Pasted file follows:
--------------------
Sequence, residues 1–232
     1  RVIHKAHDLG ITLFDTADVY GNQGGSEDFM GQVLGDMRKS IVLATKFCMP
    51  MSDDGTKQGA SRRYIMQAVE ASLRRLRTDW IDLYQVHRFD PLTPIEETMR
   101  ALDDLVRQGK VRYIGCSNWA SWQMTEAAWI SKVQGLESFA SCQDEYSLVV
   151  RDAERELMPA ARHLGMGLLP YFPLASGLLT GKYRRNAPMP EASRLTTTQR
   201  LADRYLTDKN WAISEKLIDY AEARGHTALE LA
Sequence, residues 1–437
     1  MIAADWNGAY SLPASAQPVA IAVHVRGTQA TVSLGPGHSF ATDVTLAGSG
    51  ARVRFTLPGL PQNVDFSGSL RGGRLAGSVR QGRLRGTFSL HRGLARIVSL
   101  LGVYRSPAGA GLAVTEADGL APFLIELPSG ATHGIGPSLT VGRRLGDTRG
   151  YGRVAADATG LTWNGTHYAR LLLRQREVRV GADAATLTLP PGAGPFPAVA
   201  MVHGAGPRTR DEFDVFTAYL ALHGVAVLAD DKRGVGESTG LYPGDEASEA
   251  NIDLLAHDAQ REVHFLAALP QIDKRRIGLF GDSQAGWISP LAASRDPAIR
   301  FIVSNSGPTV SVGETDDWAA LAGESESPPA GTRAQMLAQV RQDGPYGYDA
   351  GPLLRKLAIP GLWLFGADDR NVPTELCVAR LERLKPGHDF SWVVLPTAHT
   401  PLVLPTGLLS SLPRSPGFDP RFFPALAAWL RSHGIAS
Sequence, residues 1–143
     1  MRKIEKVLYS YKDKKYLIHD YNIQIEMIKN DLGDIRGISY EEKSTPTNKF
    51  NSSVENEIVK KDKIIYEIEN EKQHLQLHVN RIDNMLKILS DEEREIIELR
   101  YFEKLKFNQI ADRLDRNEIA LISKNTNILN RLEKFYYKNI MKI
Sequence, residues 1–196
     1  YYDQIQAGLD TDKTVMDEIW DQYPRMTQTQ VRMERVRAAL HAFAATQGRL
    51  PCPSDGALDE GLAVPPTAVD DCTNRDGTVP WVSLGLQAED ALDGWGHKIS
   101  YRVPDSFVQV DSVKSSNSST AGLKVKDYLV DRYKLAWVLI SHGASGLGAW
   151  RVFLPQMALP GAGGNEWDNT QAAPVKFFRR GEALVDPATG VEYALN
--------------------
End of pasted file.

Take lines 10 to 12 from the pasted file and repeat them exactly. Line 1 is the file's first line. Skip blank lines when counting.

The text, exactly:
   101  LGVYRSPAGA GLAVTEADGL APFLIELPSG ATHGIGPSLT VGRRLGDTRG
   151  YGRVAADATG LTWNGTHYAR LLLRQREVRV GADAATLTLP PGAGPFPAVA
   201  MVHGAGPRTR DEFDVFTAYL ALHGVAVLAD DKRGVGESTG LYPGDEASEA